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a word from the director

[Ly Bolia] A Word from Ly Bolia
Director of "ONCE UPON A JEDI"

With each passing day we grow closer to challenging the oligopoly that is contemporary Hollywood cinema. The foot soldiers in this revolution are independent filmmakers abetted by the advancements in digital technology. Indie filmakers armed with the latest digital technology have begun to challenge the political apparatus established by the studio system of Hollywood and perpetuated by today?s corporate media giants. Digital has helped to level the playing field and has created an economy of scale for the nascent or experienced independent filmmaker and thereby reducing (to some degree) the barriers of entry into this highly stratified industry. Join the rebellion.

The summer of 1977 I spent with mygrandparents in Ft. Lauderdale, Florida. Isolated and force-fed a dose of daytime television, I was bored stiff. I started collecting articles and pictures about a movie I had not yet seen, Star Wars. Returning to Atlanta, I saw it 10 times. In the dark, straining to see, I would sketch out these fantastic space ships and aliens (as fast as my little hands could) as they blazed across the screen. At home, I created his own Star Wars comic book. One day when my parents bought a new refrigerator, I confiscated the box, which I modeled into the landing docks of the infamous Death Star. This was the humble beginning of the film Once Upon a Jedi. In high school, I developed a sci-fi comic book, casting all of my classmates as characters. Every day they would swarm around me to keep up with the latest plotlines and adventures.

Once Upon a Jedi originally named Doodles. Feeling it was too big and expensive, I shelved it. It was only when Caroline Gallrein, my Research Assistant, told me he could find every location on the Georgia State University campus that the realm of possibility emerged. The Red Sea parted and there was light. This bit of advice, and a grant from the University pushed the entire story forward.

Atlanta isn?t exactly known for an abundance of professional actors, so the casting sessions were difficult. Hopelessly, I had to consider flying to LA or New York. Late in the game, a kid Sheehan O?Heron changed everything - I could build the movie around him.

The entire cast consisted of local talent - the two leads were both kids who had never been on camera. The film would be shot on a Sony HD camera (similar to the ones Lucas used to shoot the last two episodes of the Star Wars Saga.) The crew consisted of two or three professionals, but the bulk were students. Twenty-five percent of the budget went to feeding this army. While developing the story, I was inspired by an article about how George Lucas dreamed up his ideas for Star Wars, then had to find ways to create them. Then it really dawned on me - My God, my dream was coming true: I was making a Star Wars film.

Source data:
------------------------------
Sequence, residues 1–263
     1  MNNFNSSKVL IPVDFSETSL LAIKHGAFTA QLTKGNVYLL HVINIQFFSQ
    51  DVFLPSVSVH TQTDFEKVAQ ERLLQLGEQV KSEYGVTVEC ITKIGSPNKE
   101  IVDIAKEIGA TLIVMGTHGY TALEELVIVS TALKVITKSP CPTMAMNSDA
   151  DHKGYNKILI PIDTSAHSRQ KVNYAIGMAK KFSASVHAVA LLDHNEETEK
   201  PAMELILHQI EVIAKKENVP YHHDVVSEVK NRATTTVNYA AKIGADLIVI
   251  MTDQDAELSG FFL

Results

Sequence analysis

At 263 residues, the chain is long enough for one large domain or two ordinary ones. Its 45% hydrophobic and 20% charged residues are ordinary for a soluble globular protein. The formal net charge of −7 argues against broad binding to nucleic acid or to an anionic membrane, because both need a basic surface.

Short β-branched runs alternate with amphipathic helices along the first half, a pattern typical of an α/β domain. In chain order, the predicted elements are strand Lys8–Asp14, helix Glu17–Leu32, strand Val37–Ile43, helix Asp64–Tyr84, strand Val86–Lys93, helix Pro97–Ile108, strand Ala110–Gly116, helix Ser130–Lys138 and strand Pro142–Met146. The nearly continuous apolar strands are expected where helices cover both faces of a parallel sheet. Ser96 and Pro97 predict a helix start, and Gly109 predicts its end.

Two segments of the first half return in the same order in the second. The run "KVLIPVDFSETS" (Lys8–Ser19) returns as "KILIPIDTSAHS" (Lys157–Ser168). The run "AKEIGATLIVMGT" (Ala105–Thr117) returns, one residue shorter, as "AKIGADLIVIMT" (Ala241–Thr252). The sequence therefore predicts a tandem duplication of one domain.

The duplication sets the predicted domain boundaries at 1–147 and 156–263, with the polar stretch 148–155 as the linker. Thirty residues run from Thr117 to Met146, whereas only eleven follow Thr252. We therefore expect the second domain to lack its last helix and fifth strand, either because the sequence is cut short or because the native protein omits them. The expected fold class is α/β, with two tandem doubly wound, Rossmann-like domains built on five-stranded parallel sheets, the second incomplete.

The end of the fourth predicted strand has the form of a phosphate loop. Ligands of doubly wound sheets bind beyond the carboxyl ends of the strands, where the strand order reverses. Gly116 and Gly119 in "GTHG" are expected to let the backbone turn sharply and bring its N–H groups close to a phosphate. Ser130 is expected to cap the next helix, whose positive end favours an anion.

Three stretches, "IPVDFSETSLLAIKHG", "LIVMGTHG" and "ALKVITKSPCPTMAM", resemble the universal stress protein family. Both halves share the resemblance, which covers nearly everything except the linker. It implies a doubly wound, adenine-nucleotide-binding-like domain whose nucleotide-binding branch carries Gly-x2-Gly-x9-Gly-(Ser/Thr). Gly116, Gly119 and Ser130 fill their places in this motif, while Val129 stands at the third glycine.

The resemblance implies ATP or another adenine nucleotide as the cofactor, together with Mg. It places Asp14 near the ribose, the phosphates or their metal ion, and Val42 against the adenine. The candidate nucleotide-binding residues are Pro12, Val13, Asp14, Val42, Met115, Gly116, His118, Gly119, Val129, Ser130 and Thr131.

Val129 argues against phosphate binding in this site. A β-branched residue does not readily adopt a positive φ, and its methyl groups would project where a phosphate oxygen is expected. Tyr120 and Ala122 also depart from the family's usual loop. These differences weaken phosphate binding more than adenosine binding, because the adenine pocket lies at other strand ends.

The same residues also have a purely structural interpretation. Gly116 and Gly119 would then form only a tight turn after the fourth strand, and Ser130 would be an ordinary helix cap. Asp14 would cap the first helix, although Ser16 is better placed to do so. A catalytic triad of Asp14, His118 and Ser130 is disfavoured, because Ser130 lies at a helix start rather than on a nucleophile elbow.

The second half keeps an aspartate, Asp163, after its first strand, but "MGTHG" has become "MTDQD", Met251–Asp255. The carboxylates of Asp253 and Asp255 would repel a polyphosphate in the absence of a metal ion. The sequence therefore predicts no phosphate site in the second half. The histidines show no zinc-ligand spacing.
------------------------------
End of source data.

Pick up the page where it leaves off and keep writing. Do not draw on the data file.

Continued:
Things didn?t really sink in until I came on set with the storm troopers - this was the coolest thing in the world! It was great discovering things like Storm troopers have limited mobility and, like babies, could barely get up if they fell. The armor rattled so terribly that it was challenging recording sound, especially the dialogue. Limited visibility in the helmets would cause them to run into things or each other. The helmets also made it hard for them to hear so I was constantly yelling at them. I was thrilled to death because I was making Star Wars.

The tedious job of animating space ships and laser blast slowly paid off - seeing the results was the ultimate rush. After putting the sequences together I would watch them again and again. Just a short five years ago, all this would have not been possible. In 1977, Star Wars ushered in a new age in cinema. The advent of cheap editing systems and better digital cameras is ushering in a new age of digital filmmaking. Spearheaded by none other than George Lucas, digital technology has become acceptable in enabling the average Joe to make films. This is evident in Lucas' generous sharing of his characters and stories. Star Wars fan films abound. The only stipulation Lucas has put on us is that we not include actual footage from the movies themselves. George Lucas wants deeply to allow us to share in his adventure; he encourages filmmaking.

Ly Bolia

Director, Once Upon a Jedi

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